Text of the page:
Advisory for Southern Berkshire County
August 3, 2012
On the evening of August 1, a fire began at TCI chemical plant, a transformer recycling company, in an industrial area in Ghent, NY — just a few miles from the Massachusetts border. Transformers contain polychlorinated biphenyls (PCBs) which are a class of chemical compounds. Massachusetts and New York issued a “shelter-in-place” order for a 15 mile radius of the plant. The Massachusetts order was lifted at 4:30 on August 2, 2012.
The results from the testing showed no evidence of contamination and now allows residents of the communities of Alford, Great Barrington, Tyringham, Monterey, Otis, Egremont, Mount Washington, Sheffield, New Marlborough and Sandisfield to return to regular, outdoor activities.
The overnight testing was completed and reviewed by members of the Massachusetts National Guard Civil Support Team (CST), Department of Fire Services (DFS) HazMat Teams, Department of Environmental Protection (DEP), Department of Public Health (DPH) and the U.S. Environmental Protection Agency (EPA).
Are there health concerns for Massachusetts residents related to the chemical fire in Ghent, New York?
Residents impacted by the smoke contamination/plume who have a pre-existing respiratory condition such as asthma, chronic obstructive pulmonary disease or COPD, or emphysema may feel an exacerbation of symptoms. Individuals with pre-existing cardiovascular disease may also be at increased risk for health impacts.
Anyone feeling adverse effects should seek medical attention from their provider.
What do we know about the chemicals that could be contained in the fire?
The primary concerns are polychlorinated biphenyls (PCBs). When PCBs burn, they transform into other chemicals that can be more acutely toxic including polychlorinated dibenzofurans (PCDFs).
Should I be concerned about health effects related to PCBs and PCDFs?
It is unlikely the general public will be exposed to levels of these chemicals that would result in serious health impacts. Once environmental data is available the extent of any impact on resident’s health can be better assessed.
What are polychlorinated biphenyls (PCBs)?
PCBs are mixtures of up to 209 individual chemicals called “congeners” that are man made. There are no known natural sources of PCBs. Many commercial PCB mixtures are known in the U.S. by the trade name Aroclor. PCBs are either oily liquids or solids. PCBs have no known smell or taste.
What are PCBs used for?
PCBs are used in transformers, capacitors, and other electrical equipment. They are also used in products such as fluorescent lighting fixtures, caulking materials, elastic sealants, and old microscope and hydraulic oils. PCBs have not been manufactured in the U.S. since 1977. However, there are still many old products that contain PCBs and, because they do not break down easily, they remain in the environment.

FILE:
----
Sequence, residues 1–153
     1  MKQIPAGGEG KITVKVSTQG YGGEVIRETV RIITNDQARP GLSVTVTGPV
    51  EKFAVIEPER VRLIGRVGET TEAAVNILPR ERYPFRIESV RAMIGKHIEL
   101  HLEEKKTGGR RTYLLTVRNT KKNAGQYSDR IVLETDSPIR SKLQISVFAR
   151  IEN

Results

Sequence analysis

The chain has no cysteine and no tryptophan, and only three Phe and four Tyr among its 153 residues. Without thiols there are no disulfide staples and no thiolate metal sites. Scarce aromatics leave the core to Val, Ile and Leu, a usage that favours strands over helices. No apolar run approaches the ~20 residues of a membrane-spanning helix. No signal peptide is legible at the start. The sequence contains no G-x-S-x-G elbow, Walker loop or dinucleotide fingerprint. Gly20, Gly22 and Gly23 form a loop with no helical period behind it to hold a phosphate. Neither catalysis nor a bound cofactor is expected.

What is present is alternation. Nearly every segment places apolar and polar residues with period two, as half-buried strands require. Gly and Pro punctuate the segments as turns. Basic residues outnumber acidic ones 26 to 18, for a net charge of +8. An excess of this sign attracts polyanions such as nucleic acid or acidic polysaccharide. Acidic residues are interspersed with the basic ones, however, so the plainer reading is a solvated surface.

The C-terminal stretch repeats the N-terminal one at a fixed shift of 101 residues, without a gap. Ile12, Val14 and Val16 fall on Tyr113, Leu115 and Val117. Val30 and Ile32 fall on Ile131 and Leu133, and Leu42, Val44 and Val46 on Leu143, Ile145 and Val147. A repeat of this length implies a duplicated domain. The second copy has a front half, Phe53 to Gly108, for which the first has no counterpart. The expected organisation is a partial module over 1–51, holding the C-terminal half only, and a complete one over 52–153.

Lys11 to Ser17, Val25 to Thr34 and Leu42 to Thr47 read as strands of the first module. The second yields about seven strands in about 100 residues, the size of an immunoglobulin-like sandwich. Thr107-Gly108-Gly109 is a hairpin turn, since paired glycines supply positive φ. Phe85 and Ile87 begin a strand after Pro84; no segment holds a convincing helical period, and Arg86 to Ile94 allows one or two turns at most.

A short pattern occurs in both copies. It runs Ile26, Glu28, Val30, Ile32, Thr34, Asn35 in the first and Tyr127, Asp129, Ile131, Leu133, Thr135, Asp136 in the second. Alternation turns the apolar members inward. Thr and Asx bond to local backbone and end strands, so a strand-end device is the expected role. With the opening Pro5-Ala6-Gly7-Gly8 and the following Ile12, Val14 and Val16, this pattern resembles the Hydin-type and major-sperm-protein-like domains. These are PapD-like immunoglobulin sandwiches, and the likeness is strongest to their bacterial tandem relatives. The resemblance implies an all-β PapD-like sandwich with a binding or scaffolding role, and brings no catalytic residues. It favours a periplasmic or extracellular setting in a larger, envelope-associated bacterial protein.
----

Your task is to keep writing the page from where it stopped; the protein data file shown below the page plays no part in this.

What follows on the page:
How may exposure to PCBs affect my health?
PCBs have very low potential for producing acute toxic effects. The likelihood of health effects is related to the amount and duration of exposure to PCBs. Studies of exposed workers have shown the greatest effects. These effects can include skin lesions or irritations, fatigue, and increased pigmentation of the skin and nails. Chronic effects in workers can occur after weeks or years of exposure or long after initial exposure to PCBs. A number of studies have suggested that these effects include immune system suppression, liver damage, neurological effects, and possibly cancer. Studies have reported that infants born to mothers who were environmentally or occupationally exposed to PCBs had decreases in birth weight and abnormal responses in tests of infant behavior. PCBs are not known to cause birth defects.
What happens when PCBs burn?
When PCBs burn they can transform into other chemical compounds. By-products of combustion of PCBs include hydrogen chloride, polychlorinated dibenzodioxins (PCDDs) (dioxins), and polychlorinated dibenzofurans (furans) (PCDFs).
How may exposure to PCDFs affect my health?
Limited data exists to describe health effects related to inhalation or skin exposure to PCDFs. What is known about health effects is derived from high level exposures relating to accidental poisoning from food containing PCDF. Health effects caused by exposure to PCDFs are skin and eye irritation, including severe acne, darkened skin color, and swollen eye lids with discharge. Poisoning from PCDF can also cause vomiting and diarrhea, anemia, more frequent lung infections, numbness, effects on the nervous system, and mild changes in the liver. Children born to exposed mothers have been reported to have skin irritation and more difficulty learning.